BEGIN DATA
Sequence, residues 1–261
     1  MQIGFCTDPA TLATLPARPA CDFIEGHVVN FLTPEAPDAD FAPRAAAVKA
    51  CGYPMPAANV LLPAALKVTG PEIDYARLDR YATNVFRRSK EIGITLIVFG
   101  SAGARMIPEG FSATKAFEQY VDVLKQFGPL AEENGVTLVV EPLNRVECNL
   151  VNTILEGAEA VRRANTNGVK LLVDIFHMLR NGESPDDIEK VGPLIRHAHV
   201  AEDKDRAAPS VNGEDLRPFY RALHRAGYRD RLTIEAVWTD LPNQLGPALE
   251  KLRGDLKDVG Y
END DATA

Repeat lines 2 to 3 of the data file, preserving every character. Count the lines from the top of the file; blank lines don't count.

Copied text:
     1  MQIGFCTDPA TLATLPARPA CDFIEGHVVN FLTPEAPDAD FAPRAAAVKA
    51  CGYPMPAANV LLPAALKVTG PEIDYARLDR YATNVFRRSK EIGITLIVFG